Discussion

HPP, eponymously named Rathburn disease [3] is an inborn error of metabolism. There are six clinical forms described [4]. Diagnosis is made by very low serum tissue alkaline phosphatase and high urinary phosphoethanolamine [5]. Fracture occurrence in HPP is documented within the literature and occurs due to impaired mineralization and calcification with altered non-mineralized osteoid bone matrix and subsequent degradation of bone quality [6]. There have been reports of stress and asymptomatic pseudofractures [7,8]. Bone healing in such patients is impaired [9]. Reports within the literature suggest fractures occurring in HPP patients should be managed operatively with internal fixation using intramedullary nails. This is because of their load sharing properties and to help reduce the risk of stress risers [7,10]. In this adolescent with HPP, the goal of operative treatment was to minimize bone damage in an already softened bone and to preserve bone and blood supply to maximize chances of healing. Thus, intraoperatively an attempt was made to preserve both Pedinails. The left Pedinail was successfully preserved requiring only minor adjustment to allow the insertion of a femoral head locking screw, with further reinforcement using a cannulated screw. The right-sided Garden-4 femoral neck fracture was successfully manipulated achieving good reduction allowing the femoral head to be preserved. However, it was felt that additional reinforcement was required to prevent any displacement of the femoral head. The Pedinail was exchanged for a Synthes Adolescent Lateral Recon nail with two proximal locking screws inserted within the head component. Six weeks of bed-rest and 3 months of non-mobilization were necessary to prevent any cut out of the prosthesis and screw displacement as the patient has proven to heal slowly from his previous fractures. There have been previous reports, which demonstrate delayed bone healing in HPP taking up to 3 months [10].

Conclusion

Fractures occurring in HPP patients present a challenge to the orthopedic surgeon due to soft bone quality and delayed bone healing. Reports within the literature suggest intramedullary devices be used for surgical fixation due to their load-sharing properties. We recommend coupling this with periods of non-mobilization until there is radiographical evidence of bone healing.

Clinical Message

Patients suffering from HPP have an increased propensity for fractures due to soft bone quality. Periods of non-mobilization after fracture fixation may be required until there is radiographical evidence of bone healing.

Reference

1. Thuan V Ly and Marc F Swiontkowski. Management of femoral neck fractures in young adults. Indian J orthop. 2008 Jan-Mar; 42(1): 3-12.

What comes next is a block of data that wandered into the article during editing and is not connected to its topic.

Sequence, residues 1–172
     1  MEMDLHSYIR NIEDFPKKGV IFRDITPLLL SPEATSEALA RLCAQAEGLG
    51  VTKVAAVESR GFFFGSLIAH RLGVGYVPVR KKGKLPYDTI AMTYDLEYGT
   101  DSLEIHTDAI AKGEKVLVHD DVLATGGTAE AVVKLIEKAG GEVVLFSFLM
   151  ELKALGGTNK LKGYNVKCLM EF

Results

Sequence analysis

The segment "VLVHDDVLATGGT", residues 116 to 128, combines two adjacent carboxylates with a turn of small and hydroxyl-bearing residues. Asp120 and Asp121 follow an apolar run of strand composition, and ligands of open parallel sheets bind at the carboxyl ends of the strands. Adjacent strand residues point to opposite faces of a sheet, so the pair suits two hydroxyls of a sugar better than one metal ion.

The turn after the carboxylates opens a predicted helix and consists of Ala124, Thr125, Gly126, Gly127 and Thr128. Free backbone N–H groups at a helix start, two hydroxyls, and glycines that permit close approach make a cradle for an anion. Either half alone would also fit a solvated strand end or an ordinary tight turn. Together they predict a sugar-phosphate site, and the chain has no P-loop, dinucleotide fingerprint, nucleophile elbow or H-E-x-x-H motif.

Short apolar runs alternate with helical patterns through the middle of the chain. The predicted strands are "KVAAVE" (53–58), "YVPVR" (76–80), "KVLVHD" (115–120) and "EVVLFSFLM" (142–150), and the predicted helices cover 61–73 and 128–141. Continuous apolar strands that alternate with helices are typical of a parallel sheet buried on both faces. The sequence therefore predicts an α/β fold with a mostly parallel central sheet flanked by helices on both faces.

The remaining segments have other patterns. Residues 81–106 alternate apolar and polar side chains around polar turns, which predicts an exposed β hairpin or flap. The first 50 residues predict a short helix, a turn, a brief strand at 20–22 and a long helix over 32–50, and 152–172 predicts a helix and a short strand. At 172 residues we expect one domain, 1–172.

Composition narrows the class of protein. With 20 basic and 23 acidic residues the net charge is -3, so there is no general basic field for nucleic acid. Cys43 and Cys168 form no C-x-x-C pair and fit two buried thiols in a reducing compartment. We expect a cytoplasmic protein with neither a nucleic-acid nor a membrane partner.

2. Taylor LJ, Grant SC. Bilateral fracture of the femoral neck during a hypocalcaemic convulsion. Journal of bone and joint surgery 1985;67-B(4).
3. Dickson and Horrocks. Hypophosphatasia. Journal of bone and joint surgery vol 40-B (1): 64.(1333K)
4. Etienne Mornet. Hypophosphatasia Review. Orphanet Journal of Rare Diseases 2007, 2:40 doi:10.1186/1750-1172-2-40
5. Whyte MP, Wenkert D, McAlister WH, Mughal MZ, Freemont AJ, Whitehouse R, Baildam EM, Coburn SP, Ryan LM, Mumm S. Chronic recurrent multifocal osteomyelitis mimicked in childhood hypophosphatasia. J Bone Miner Res. 2009 Aug;24(8):1493-505.
6. Barvencik F, Beil FT, Gebauer M, Busse B, Koehne T, Seitz S, Zustin J, Pogoda P, Schinke T, Amling M. Skeletal mineralization defects in adult hypophosphatasia–a clinical and histological analysis. Osteoporos Int. 2011 Oct;22(10):2667-75. Epub 2011 Jan 26.
7. F. Turturro, F. Conti, L. Giannetti, V. Di Sanzo, V. Della Chiara, L. Labianca, A. Montanaro, P. Bianco, and A. Ferretti. P33 – Hypophosphatasia: Possible Unrecognised Cause of Stress Fractures. Clin Cases Miner Bone Metab. 2010 Sep-Dec; 7(3): 237.
8. Sutton RA, Mumm S, Coburn SP, Ericson KL, Whyte MP. “Atypical femoral fractures” during bisphosphonate exposure in adult hypophosphatasia. J Bone Miner Res. 2012 May;27(5):987-94. doi: 10.1002/jbmr.1565.
9. Schalin-Jantti C, Mornet E, Lamminen A, Valimaki MJ. Parathyroid hormone treatment improves pain and fracture healing in adult hypophosphatasia. J Clinc Endocrinol Metab 2010 Dec;95(12):5174-9.
10. Anderton J.M. Orthopedic problems in adult hypophosphatasia. The Journal of bone and joint surgery vol 61-B(1), 1979.


How to Cite This Article: Sharma N, Bache E, Clare T. Bilateral Femoral Neck Fractures in A Young Patient Suffering from Hypophosphatasia, Due to A First Time Epileptic Seizure. Journal of Orthopaedic Case Reports 2015 July – Sep;5(3):66-68  .     Available from: http://www.jocr.co.in/wp/2015/07/10/2250-0685-312-fulltext/